And Ontario, in particular, and BC have seen quite a bit of demand push come from strong immigration flows. And if you get a slowdown in that, which we suspect will happen just by the simple fact that, entering on a skills basis, there may not be as many plentiful jobs, and so there may be less interest from that perspective. So that element could take some of the demand side away from the housing sector that has been just taken for granted. So we'll get a really good sense of how much of that demand side was driven by the population flows as we go through this cycle.
So that's an important element. And then the other one is jobs. So if the jobs don't come back as we expect, then we will get a much more belabored housing cycle by extension. So these are the two interplays that we're watching as the most important determinants of where we're going to be on the housing side. And then the supply will adjust accordingly. So we've already seen supply come down significantly in the near term, for good reasons. Social distancing-- the last thing you want to do is have strangers walking through your home. So a lot of people have taken off their house from the market. But if the debt situation becomes problematic, if jobs don't come back, you will see that supply influx come in and put downward pressure on prices. So it's really coming down to these two elements of population and jobs creating that demand flow into the housing market.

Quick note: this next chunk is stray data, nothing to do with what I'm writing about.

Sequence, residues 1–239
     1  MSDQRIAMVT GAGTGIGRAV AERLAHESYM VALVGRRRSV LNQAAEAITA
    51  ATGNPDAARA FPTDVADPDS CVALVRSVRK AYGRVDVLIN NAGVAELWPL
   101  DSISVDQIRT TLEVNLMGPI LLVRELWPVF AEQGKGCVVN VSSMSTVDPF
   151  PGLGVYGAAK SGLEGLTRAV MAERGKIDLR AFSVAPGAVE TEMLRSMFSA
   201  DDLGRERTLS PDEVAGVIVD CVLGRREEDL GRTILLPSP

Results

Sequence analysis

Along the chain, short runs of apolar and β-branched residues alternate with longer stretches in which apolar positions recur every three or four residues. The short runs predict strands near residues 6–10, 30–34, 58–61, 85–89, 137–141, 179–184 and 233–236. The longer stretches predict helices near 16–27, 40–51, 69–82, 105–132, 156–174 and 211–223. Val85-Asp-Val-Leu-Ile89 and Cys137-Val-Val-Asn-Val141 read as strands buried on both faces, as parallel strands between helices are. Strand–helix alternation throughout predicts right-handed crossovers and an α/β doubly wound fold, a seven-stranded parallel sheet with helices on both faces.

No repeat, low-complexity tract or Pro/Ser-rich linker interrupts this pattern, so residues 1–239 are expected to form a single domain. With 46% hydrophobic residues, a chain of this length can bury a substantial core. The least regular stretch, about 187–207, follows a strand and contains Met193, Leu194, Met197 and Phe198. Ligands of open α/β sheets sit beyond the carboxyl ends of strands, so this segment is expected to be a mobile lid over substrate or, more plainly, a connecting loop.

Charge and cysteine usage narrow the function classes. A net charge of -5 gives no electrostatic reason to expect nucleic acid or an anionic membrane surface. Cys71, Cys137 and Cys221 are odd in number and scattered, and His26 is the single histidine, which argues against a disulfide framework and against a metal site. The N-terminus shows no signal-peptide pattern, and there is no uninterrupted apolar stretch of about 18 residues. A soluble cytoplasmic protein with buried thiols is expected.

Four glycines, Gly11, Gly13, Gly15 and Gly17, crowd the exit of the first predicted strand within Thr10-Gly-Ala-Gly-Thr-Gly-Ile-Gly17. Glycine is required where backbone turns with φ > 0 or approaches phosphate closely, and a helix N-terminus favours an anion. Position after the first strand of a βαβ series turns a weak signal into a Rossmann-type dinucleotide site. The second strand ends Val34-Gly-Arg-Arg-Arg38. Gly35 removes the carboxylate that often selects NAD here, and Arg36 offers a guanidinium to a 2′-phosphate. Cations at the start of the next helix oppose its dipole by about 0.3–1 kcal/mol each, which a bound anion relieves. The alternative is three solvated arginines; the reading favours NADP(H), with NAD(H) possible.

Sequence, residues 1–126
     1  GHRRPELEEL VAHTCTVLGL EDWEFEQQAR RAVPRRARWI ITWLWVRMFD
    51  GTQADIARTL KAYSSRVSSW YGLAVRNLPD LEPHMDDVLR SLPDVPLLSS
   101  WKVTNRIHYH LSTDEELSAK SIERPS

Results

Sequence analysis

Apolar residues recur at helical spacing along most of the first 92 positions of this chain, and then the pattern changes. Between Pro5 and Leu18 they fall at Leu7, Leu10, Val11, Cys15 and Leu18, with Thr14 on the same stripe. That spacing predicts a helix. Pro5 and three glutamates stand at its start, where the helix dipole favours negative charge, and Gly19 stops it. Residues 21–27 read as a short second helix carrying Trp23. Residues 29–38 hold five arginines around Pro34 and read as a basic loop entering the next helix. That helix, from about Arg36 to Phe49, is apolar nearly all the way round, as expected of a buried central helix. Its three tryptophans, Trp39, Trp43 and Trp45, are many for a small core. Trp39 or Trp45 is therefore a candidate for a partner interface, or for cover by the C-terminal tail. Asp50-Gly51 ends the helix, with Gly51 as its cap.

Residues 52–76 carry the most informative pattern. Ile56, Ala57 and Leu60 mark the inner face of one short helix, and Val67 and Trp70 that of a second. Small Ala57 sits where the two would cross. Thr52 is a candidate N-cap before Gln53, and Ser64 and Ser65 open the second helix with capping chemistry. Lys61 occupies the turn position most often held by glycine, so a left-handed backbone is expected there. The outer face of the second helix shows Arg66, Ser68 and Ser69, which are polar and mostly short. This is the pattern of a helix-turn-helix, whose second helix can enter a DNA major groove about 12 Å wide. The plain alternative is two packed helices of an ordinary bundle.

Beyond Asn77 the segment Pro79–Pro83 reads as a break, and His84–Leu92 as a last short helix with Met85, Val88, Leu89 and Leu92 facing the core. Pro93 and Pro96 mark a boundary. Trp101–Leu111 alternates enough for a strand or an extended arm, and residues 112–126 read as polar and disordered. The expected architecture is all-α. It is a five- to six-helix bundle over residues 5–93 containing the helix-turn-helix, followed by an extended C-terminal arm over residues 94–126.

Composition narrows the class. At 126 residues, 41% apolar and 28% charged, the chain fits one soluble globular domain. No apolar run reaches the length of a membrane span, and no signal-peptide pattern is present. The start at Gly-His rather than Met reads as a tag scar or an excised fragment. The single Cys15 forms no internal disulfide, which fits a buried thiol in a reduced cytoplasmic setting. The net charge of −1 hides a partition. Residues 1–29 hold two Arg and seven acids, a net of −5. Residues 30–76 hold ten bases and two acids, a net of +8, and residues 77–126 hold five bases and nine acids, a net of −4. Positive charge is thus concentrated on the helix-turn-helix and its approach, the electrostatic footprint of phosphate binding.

KIM PARLEE: On the jobs front, when you're taking a look at forecasting, how does the-- for lack of a better word-- quality of the job impact how this impacts the housing market? Someone losing a low-paying, no-benefit job is probably not going to impact housing as much as the former. Or am I wrong?
- No, that's right. In terms of where you lose the jobs, when you look at those who are more likely to be homeowners and carry on a mortgage, these are generally people in full-time positions. They're going to be more middle-income and above. So these are individuals that if you see that segment get hit particularly hard, it would linger. That has not been the case so far. Unfortunately, a lot of the burden of the job market has been borne by the lower-income households, and in particular by the younger generation. And they may be more on the renter side.